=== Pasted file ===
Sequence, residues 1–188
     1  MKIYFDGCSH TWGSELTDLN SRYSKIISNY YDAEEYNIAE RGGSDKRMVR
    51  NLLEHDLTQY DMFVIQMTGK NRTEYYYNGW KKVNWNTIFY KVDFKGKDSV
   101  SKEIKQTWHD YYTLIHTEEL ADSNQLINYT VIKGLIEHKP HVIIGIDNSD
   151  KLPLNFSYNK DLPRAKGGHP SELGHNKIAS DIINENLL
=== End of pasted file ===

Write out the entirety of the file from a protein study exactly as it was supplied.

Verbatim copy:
Sequence, residues 1–188
     1  MKIYFDGCSH TWGSELTDLN SRYSKIISNY YDAEEYNIAE RGGSDKRMVR
    51  NLLEHDLTQY DMFVIQMTGK NRTEYYYNGW KKVNWNTIFY KVDFKGKDSV
   101  SKEIKQTWHD YYTLIHTEEL ADSNQLINYT VIKGLIEHKP HVIIGIDNSD
   151  KLPLNFSYNK DLPRAKGGHP SELGHNKIAS DIINENLL